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The Bedrock of Christianity: The Unalterable Facts of Jesus' Death and Resurrection

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Can we all agree on some things about Jesus, regardless of our belief--or unbelief? Perhaps surprisingly, there is a lot upon which all scholars can agree. When surveying historical scholarship, there are certain truths about Jesus that Christians, agnostics, and skeptics must affirm. In The Bedrock of Christianity, Justin Bass shows how--regardless of one's feelings about C Can we all agree on some things about Jesus, regardless of our belief--or unbelief? Perhaps surprisingly, there is a lot upon which all scholars can agree. When surveying historical scholarship, there are certain truths about Jesus that Christians, agnostics, and skeptics must affirm. In The Bedrock of Christianity, Justin Bass shows how--regardless of one's feelings about Christianity--there lies a bedrock of truths about Jesus's life and ministry that are held by virtually all scholars of religion. Through an examination of each of these key facts, readers will encounter the unalterable truths upon which everyone can agree. Useful for both Christians and non-Christians alike, this study demonstrates what we can really know about the historical truth of Jesus' death and resurrection.


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Can we all agree on some things about Jesus, regardless of our belief--or unbelief? Perhaps surprisingly, there is a lot upon which all scholars can agree. When surveying historical scholarship, there are certain truths about Jesus that Christians, agnostics, and skeptics must affirm. In The Bedrock of Christianity, Justin Bass shows how--regardless of one's feelings about C Can we all agree on some things about Jesus, regardless of our belief--or unbelief? Perhaps surprisingly, there is a lot upon which all scholars can agree. When surveying historical scholarship, there are certain truths about Jesus that Christians, agnostics, and skeptics must affirm. In The Bedrock of Christianity, Justin Bass shows how--regardless of one's feelings about Christianity--there lies a bedrock of truths about Jesus's life and ministry that are held by virtually all scholars of religion. Through an examination of each of these key facts, readers will encounter the unalterable truths upon which everyone can agree. Useful for both Christians and non-Christians alike, this study demonstrates what we can really know about the historical truth of Jesus' death and resurrection.

39 review for The Bedrock of Christianity: The Unalterable Facts of Jesus' Death and Resurrection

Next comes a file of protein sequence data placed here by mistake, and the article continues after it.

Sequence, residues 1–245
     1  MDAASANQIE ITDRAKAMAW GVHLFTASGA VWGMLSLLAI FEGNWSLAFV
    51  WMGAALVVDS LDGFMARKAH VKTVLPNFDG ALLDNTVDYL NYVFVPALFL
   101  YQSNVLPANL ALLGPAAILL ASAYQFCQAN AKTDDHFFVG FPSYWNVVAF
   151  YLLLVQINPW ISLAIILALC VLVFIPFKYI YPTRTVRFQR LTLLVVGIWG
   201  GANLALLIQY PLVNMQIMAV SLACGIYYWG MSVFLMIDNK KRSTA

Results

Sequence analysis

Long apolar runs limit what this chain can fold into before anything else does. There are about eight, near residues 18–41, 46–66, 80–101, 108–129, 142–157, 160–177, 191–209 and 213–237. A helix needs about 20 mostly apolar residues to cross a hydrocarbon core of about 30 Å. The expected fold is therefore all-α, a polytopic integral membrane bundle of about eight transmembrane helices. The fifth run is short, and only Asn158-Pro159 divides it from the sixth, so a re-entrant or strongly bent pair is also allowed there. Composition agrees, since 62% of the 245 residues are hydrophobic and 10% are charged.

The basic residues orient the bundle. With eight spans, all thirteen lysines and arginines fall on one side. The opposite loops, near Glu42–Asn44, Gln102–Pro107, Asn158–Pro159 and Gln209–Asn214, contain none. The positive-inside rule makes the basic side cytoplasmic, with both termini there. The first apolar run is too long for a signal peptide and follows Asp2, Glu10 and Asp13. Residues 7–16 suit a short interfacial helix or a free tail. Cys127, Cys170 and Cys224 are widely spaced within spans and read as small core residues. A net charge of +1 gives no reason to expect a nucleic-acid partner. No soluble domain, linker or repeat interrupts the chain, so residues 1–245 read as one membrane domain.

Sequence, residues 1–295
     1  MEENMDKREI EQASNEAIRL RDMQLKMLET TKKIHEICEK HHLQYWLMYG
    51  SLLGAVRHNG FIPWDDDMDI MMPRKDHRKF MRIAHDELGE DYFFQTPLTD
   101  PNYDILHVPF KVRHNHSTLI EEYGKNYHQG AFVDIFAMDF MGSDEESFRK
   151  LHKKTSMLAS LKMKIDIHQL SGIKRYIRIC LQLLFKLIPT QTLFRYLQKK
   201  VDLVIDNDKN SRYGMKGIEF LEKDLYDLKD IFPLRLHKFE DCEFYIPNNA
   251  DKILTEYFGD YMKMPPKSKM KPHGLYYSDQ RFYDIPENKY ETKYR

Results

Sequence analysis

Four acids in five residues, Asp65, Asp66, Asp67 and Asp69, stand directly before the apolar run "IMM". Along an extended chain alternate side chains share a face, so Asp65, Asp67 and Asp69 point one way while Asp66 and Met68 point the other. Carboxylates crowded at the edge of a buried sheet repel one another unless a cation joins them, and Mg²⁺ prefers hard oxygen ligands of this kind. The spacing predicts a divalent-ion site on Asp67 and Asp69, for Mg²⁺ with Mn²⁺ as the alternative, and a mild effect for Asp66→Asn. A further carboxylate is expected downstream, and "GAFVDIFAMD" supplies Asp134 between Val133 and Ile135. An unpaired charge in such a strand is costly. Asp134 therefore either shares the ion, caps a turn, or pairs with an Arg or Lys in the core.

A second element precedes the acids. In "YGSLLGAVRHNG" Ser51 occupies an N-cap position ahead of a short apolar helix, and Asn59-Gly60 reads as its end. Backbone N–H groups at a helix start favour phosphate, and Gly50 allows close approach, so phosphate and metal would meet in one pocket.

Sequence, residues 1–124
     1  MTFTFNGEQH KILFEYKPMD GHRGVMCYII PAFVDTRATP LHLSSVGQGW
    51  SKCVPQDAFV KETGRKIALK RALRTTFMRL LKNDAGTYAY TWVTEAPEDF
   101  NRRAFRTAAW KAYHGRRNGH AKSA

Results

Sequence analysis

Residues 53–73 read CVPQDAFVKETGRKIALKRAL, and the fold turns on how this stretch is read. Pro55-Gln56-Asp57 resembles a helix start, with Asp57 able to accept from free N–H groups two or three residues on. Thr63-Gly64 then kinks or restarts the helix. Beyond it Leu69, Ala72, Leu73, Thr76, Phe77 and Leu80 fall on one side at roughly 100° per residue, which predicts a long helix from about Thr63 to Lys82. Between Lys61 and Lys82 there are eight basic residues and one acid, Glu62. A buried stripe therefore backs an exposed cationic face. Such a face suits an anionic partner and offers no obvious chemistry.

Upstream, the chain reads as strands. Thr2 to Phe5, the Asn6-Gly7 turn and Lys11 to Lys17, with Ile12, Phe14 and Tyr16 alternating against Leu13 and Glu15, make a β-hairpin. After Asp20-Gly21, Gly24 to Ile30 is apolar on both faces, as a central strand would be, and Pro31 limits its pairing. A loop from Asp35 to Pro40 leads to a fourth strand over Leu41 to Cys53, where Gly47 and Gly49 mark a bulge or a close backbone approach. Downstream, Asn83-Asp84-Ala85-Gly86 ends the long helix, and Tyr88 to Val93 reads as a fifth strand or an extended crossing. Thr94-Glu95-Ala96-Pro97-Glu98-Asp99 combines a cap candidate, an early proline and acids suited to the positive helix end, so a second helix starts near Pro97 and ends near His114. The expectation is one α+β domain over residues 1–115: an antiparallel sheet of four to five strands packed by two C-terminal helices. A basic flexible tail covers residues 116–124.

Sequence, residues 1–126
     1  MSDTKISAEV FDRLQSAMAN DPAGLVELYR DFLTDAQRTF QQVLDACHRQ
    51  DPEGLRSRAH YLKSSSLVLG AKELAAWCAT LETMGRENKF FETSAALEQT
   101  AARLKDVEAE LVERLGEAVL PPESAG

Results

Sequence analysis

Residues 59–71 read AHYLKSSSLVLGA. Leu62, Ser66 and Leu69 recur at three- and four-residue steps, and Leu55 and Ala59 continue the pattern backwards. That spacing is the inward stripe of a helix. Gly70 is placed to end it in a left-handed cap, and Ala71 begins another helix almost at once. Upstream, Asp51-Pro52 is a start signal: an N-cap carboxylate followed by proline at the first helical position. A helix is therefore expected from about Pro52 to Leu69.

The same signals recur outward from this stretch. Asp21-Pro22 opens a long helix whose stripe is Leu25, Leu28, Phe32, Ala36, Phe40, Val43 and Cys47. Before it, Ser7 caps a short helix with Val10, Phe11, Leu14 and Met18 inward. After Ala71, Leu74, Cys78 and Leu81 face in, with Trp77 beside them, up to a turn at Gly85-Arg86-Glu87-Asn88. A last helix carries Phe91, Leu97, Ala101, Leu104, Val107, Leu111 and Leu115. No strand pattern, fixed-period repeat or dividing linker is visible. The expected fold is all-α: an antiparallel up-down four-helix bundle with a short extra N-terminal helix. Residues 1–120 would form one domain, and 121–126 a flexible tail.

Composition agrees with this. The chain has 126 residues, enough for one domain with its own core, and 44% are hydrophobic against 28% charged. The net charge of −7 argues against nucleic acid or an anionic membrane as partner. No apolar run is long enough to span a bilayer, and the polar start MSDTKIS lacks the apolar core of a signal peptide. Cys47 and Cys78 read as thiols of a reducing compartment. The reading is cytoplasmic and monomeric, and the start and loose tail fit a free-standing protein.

1. 5 out of 5

    Matt Pitts

    I was pleasantly surprised by this book on two fronts. First, it was immensely readable. The prose was vigorous and energetic to a degree I rarely encounter in theological books. The author's zeal for the truth came through on every page. Second, it was very scholarly yet not overly technical. Anyone could read this book and follow the argument. No one could read it and say he hasn't done his homework. This really was a wonderful and compelling book I would have no hesitation recommending to any I was pleasantly surprised by this book on two fronts. First, it was immensely readable. The prose was vigorous and energetic to a degree I rarely encounter in theological books. The author's zeal for the truth came through on every page. Second, it was very scholarly yet not overly technical. Anyone could read this book and follow the argument. No one could read it and say he hasn't done his homework. This really was a wonderful and compelling book I would have no hesitation recommending to any skeptic or doubting believer. I received a complimentary copy from the publisher, but was not required to give a positive review.

  2. 4 out of 5

    Justin Dillehay

    Tim Keller recounts how, as a Christian pastor, he had of course believed in the resurrection of Jesus, but that reading N.T. Wright’s The Resurrection of the Son of God made him sit up and go, “Oh my gosh, it really did happen!” That’s how I felt reading this book. Bass puts on a historian’s hat and demonstrates just how far you can get on historical evidence alone, even if you bracket the question of the Bible’s inspiration. Some Christians may not like the fact that Bass agrees to play by so Tim Keller recounts how, as a Christian pastor, he had of course believed in the resurrection of Jesus, but that reading N.T. Wright’s The Resurrection of the Son of God made him sit up and go, “Oh my gosh, it really did happen!” That’s how I felt reading this book. Bass puts on a historian’s hat and demonstrates just how far you can get on historical evidence alone, even if you bracket the question of the Bible’s inspiration. Some Christians may not like the fact that Bass agrees to play by so many of the broader scholarly guild’s rules (restricting himself to Paul’s seven “undisputed” letters, for example). But rather than criticize Bass for his methodology, we should thank him for showing Christians how much solid evidence for the resurrection we can produce even when fighting with one hand tied behind our backs.